“We are on a grassroots level where Judaism is being revitalized,” said Aaron Leibowitz, the Orthodox rabbi behind Hashgacha Pratit. “A lot of places identify with what we’re doing.”

The rabbinate, for its part, maintains that businesses claiming to be kosher without its teudah, or certificate, are breaking the law. “It is not only the law, but the public trust,” said Ziv Maor, a spokesman for the rabbinate. “When someone sells nonkosher food as kosher, well, the public should be concerned.”

Carousela’s owner, Yonatan Vadai, opted for Hashgacha Pratit certification earlier this year. He opened the restaurant in 2009 and immediately sought a teudah from the rabbinate. It was an economic decision, he said, to appeal to kosher observant customers. But he quickly became disillusioned when he learned he would be paying a monthly fee directly to the mashgiach, or kashrut inspector, who supervised him, an arrangement that seemed to him to be ripe for abuse. To Vadai’s frustration, the mashgiach did little more during his twice-weekly than glance at the restaurant’s shopping receipts, without providing in-depth guidance on how to run a kosher kitchen. But if the mashgiach was too lenient, the area supervisor, who visited once a month, was overly harsh, Vadai said. “He used to come like a sheriff, without asking, opening the door and shouting. It was really unpleasant.”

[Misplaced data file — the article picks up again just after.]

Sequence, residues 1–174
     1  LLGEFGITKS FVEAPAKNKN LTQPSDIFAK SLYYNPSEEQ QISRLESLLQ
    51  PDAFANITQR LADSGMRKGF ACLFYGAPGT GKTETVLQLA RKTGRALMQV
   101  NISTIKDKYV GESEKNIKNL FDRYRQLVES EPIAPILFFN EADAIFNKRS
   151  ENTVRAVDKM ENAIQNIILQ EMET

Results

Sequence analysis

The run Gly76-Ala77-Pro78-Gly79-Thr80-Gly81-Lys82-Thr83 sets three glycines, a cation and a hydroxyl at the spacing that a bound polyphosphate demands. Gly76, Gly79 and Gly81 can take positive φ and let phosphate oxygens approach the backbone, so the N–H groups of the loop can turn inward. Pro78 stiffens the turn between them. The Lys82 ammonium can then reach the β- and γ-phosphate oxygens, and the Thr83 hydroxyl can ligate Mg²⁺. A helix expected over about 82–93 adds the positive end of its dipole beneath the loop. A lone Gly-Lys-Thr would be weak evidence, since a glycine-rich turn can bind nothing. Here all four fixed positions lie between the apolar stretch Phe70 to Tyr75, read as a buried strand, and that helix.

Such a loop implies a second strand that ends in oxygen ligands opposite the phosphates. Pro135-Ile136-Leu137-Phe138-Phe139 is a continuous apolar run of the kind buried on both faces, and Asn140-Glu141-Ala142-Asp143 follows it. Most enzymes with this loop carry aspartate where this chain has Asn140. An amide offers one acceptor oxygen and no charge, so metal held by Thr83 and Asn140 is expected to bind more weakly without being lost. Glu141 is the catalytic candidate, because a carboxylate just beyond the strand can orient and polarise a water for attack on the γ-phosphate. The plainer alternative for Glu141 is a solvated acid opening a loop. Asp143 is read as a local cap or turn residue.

Three years ago, Vadai stopped paying his monthly fee. This led to a confrontation with the supervisor, he said, in which Vadai gave back his certificate. (When asked why Carousela lost its teudah, Maor said that Vadai refused to let inspectors inside to make sure the kitchen was cleaned appropriately for Passover. Vadai disputes this account.)

Carousela began a new era as a nonkosher restaurant and lost several kosher observant customers. “Some people came to me and told me, ‘I’m sorry, we will not come here anymore,’” Vadai said.

But Carousela soon afterward became the staging ground for Jerusalem’s restaurant revolt of 2012, a highly publicized movement to challenge the rabbinate’s monopoly on the word “kosher.” And Hashgacha Pratit, in turn, was born of that campaign.